If you’re hunting for heating and cooling services, you may come across confusing, sometimes contradictory information about different HVAC systems. One component that creates quite a bit of confusion is the air handler. Is this another way to describe an air conditioner? We’re here to help sort this out.
What Is an Air Handler?
An air handler is the indoor part of some models of HVAC systems. It [[connects|links|attaches|hooks up] 11] to a network of air ducts that deliver conditioned air throughout the building. Air handlers differ in size, type and capacity, depending on the application.
Some individuals use the terms “air handler” and “blower” interchangeably, but this is not accurate. An air handler is an entire unit containing a blower and several other elements, all of which operate together to condition and circulate the air.
Does an Air Conditioner Use an Air Handler?
Generally, an air conditioner [shares|uses|utilizes]109] the furnace’s blower motor, so no air handler is required. However, in climates where home heating is not something that is necessary, an air conditioner may be the only HVAC equipment present. In this instance, the indoor air handler works in tandem with the outside unit, known as the condenser. In this setup, the AC unit’s air handler [blows|forces|pushes]110] indoor air [across|over|along the outside of]111] the evaporator coil, which absorbs heat and collects moisture, leaving the air handler to deliver cooled, dehumidified air back to the building through ductwork. Refrigerant lines connect the air handler to the outdoor condenser, assisting with the heat transfer to the outside. This allows air conditioning to preserve a constant, comfy indoor temperature and humidity level.
Does a Heat Pump Use an Air Handler?
This is where air handlers are most frequently found. In cold climates where heat pumps are less reliable, they are occasionally installed alongside furnaces, creating what’s called a dual-fuel system. However, advancements in cold-climate heat pumps make dual-fuel systems less popular in recent times. Because there is no furnace to lend its blower motor, heat pumps need a dedicated air handler to disperse conditioned air.
Heat pumps work by pulling heat from the outside air and shifting it inside via the indoor coil. The air handler blows air across the coil to collect heat before circulating it all over the building. A heat pump can also be used for cooling, where it pulls heat from the indoor air and transfers it outside, just like an air conditioner.
Does a Furnace Use an Air Handler?
No. Furnaces come with a blower motor to circulate conditioned air. The blower is commonly housed inside the furnace. It blows air across the heat exchanger, a metal component that exchanges heat from a fuel source to the air blowing over it. The fuel source can be natural gas, propane or oil, which is ignited to create heat. Once warmed up, the air circulates back through the ductwork system and inside the building.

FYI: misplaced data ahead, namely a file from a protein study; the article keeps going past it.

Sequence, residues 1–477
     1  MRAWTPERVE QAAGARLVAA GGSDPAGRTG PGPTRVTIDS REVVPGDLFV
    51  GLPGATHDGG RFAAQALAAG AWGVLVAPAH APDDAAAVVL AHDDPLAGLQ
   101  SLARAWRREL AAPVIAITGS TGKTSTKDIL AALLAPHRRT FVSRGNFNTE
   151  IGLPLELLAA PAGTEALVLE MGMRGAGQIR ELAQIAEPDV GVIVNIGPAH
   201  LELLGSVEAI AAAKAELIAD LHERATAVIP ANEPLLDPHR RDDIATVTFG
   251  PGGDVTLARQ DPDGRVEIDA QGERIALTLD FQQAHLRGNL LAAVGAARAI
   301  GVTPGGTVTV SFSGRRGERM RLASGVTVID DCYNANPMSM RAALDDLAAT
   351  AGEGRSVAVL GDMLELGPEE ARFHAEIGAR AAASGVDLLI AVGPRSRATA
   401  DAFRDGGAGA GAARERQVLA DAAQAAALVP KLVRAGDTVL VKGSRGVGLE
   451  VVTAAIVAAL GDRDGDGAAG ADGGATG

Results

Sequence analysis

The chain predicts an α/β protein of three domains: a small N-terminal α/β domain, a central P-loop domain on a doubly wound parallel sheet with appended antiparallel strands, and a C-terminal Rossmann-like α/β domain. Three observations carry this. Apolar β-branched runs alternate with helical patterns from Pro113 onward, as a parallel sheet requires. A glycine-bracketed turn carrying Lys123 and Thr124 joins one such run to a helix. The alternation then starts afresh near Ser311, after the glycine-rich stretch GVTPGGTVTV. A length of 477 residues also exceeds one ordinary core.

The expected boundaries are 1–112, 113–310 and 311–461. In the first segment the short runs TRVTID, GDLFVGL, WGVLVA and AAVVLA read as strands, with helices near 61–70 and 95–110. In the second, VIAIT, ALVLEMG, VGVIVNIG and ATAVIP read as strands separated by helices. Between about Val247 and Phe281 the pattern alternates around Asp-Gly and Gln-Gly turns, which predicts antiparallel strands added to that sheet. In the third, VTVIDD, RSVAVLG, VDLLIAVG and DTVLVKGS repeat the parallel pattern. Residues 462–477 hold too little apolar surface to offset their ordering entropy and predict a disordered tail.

What Are the Parts of an Air Handler?
The [main|major|basic]69] [parts|components|pieces]70] of an air handler include:
- Blower: The blower is a motor-driven fan that circulates air throughout the ductwork. It moves air across the heating or cooling elements to regulate the indoor temperature.
- Heating or cooling elements: Depending on the type of HVAC system you own, the air handler may have heating or cooling elements, including an evaporator coil or backup electric heat strip.
- Air filter: An HVAC air filter takes dust, dirt and other impurities from the air as it flows into the air handler to be heated or cooled. Air filter types and efficiency ratings vary based on system requirements. Remember to swap out your air filter routinely to protect against restricting airflow through the system.
- Dampers: Dampers are used to control airflow in structures with zoned heating and cooling. They can be manually or automatically powered to direct air to certain rooms as desired to keep a comfortable temperature.
- Humidifier or dehumidifier: Some air handlers include a humidifier or dehumidifier, which regulates the indoor relative humidity level. A humidifier puts moisture into the air in the winter, while a dehumidifier removes moisture in the summer.
- Control system: The control system is responsible for regulating the air handler. It might include a thermostat, humidistat or other sensors to track the temperature and humidity in the building.
Schedule Air Conditioner or Air Handler Repair
If you’re experiencing issues with your air conditioner, air handler or other HVAC components, Service Experts Heating & Air Conditioning is here to help. Our team of experienced specialists can diagnose and repair any problems with your climate control system, so that it runs safely and efficiently. We believe in our exceptional work so much that we back each and every repair with a one-year 100% satisfaction guarantee! For more information or to set your home up air conditioning repair in North America, please phone a Service Experts office in your neighborhood today.